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Kansas State University undertook a program to revitalize and repurpose Memorial Stadium.
Kansas State University undertook a program to revitalize and repurpose Memorial Stadium.
November 26, 2016 7:00 AM CST

Kansas State University: Memories to Last a Lifetime

Rehabs and Restorations Case Study

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Founded in 1863, Kansas State University in Manhattan, Kan., was the first public institution of higher learning in the state. The campus’ architectural style is well defined by the use of native Cottonwood Limestone in stout masonry buildings featuring arch-capped entrances and windows. Memorial Stadium was constructed as a tribute to Kansas State students killed in World War I, and is composed of two independent halves: west stadium (completed in 1922) and east stadium (completed in 1924). The general seating capacity was 17,500, and the stadium faithfully served as home to the Wildcats’ football team until 1967, when the University opened a newer facility.

In the nearly 50 years since, Memorial Stadium has remained a fixture of K-State campus life without having a defined function. The fields have served campus activities like band practices, intramurals and jogging, while the functions of the interior buildings beneath the stands have included academic, administrative and storage. Most recently, the east stadium building housed KSU’s Telecommunications Department and the Purple Masque Theater, while the west stadium primarily provided creative space to students in the Graduate Studies in Arts Department.

In a multi-phase process that reached completion in April 2016, the university undertook a program to revitalize and repurpose Memorial Stadium. With the first phase of construction breaking ground in November 2013, this two-and-a-half-year process included a complete masonry rehabilitation and repositioning each of the wings as new campus amenities.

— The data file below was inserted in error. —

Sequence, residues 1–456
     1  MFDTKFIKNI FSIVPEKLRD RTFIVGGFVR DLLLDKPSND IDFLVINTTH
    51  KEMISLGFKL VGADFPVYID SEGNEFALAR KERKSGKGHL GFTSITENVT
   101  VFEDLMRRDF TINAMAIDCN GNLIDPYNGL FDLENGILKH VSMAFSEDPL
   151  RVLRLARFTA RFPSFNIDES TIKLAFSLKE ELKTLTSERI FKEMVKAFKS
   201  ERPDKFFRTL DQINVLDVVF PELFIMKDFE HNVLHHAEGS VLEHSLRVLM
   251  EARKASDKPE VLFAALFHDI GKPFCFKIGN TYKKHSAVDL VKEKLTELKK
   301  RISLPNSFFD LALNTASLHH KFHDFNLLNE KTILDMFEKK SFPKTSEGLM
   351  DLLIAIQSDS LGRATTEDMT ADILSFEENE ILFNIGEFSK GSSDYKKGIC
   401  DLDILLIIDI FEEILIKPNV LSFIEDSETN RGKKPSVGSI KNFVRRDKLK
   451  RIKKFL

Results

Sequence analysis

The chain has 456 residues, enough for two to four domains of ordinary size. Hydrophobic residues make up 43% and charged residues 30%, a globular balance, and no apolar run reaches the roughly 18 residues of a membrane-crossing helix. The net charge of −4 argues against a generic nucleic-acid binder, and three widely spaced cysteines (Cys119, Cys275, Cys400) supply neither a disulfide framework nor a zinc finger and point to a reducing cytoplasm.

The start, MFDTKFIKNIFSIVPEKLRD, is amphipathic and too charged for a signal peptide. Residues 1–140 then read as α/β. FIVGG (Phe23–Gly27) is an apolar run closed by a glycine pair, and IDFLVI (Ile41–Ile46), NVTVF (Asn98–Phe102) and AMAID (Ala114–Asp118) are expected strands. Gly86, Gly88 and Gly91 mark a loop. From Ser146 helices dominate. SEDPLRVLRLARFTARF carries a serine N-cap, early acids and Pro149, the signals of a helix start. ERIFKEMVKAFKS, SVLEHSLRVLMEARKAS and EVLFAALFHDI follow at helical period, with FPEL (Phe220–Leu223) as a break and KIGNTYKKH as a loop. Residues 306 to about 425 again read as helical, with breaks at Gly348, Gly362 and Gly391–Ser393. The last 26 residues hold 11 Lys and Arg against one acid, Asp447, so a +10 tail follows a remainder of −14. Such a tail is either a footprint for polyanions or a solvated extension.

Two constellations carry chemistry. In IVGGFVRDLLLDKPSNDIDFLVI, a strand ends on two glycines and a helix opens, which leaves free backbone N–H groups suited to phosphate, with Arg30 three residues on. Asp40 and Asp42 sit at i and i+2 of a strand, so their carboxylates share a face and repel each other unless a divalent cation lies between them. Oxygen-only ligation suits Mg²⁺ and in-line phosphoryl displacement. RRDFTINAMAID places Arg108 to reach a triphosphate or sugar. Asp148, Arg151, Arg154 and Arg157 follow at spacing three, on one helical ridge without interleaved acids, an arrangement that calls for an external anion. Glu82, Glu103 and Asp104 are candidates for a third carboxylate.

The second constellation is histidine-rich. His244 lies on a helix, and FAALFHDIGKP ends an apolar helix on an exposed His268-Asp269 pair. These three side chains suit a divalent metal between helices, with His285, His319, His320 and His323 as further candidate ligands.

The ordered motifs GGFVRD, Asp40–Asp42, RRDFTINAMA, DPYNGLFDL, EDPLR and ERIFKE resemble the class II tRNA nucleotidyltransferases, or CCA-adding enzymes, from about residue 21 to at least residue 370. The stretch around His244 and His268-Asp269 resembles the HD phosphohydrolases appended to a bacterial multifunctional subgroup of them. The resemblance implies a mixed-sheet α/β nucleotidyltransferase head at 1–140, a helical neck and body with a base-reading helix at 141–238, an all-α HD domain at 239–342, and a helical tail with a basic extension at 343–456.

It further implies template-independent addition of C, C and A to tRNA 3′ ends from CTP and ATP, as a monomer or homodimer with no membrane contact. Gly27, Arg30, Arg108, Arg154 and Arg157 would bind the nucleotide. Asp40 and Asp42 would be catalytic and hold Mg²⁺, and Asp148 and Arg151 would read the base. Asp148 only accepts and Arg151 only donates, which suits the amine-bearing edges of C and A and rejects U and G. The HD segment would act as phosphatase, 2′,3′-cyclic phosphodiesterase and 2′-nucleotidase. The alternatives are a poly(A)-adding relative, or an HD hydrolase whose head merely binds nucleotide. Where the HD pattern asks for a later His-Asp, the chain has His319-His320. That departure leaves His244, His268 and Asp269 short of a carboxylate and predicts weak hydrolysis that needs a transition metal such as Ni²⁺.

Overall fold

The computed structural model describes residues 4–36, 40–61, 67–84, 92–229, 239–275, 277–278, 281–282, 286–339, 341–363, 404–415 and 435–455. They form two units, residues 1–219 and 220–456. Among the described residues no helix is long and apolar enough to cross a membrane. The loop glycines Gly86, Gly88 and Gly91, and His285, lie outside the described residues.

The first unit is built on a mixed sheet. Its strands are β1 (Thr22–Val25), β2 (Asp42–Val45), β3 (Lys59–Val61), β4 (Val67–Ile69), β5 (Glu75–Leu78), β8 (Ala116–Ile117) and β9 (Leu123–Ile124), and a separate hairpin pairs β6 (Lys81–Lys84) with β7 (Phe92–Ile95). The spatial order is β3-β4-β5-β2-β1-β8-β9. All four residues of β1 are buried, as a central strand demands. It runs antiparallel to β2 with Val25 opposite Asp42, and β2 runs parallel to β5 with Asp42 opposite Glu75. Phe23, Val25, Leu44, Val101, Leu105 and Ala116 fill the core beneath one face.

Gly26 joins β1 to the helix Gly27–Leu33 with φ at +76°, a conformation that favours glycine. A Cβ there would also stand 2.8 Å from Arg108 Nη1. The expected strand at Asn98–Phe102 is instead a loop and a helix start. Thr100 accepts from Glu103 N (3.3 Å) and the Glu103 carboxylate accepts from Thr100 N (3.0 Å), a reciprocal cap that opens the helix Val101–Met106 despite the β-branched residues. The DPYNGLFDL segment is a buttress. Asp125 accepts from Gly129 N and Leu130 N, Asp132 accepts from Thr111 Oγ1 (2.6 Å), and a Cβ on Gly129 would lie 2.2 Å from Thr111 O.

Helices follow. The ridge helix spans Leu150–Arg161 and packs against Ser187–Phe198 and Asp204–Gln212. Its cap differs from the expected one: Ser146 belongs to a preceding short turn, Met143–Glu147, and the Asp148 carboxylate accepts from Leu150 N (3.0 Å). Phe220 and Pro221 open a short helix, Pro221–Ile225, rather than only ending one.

“Being a part of the preservation of this important community touchstone is what makes being a mason feel special,” remarks Shawn Smoke, assistant vice president at Restoration and Water Proofing, the masonry contractor responsible for the stonework rehabilitation on Memorial Stadium. Restoration and Water Proofing is a 42-year-old business with offices in Wichita, Topeka and Kansas City, where Smoke is the branch manager. He oversees masonry and waterproofing teams working on a wide range of projects, but believes historic masonry is an exceptional challenge and thrill. His role in the K-State project stretches back to 2014, when he began working with the university to develop a masonry rehabilitation budget and scope of work that were ultimately used in the contract documents. While the thrill comes largely from completing the project, one of Smoke’s biggest challenges was finding replacement materials for stones taken from the ground close to a century ago.

“Trying to source stone as close to a replica as possible is always a goal in preservation work,” says Smoke, who gladly shares credit with stone supplier Lardner for finding the best match on Memorial Stadium. Together, they closely scrutinized the stone being removed from Memorial Stadium in order to find a near-replica in Lardner’s quarry.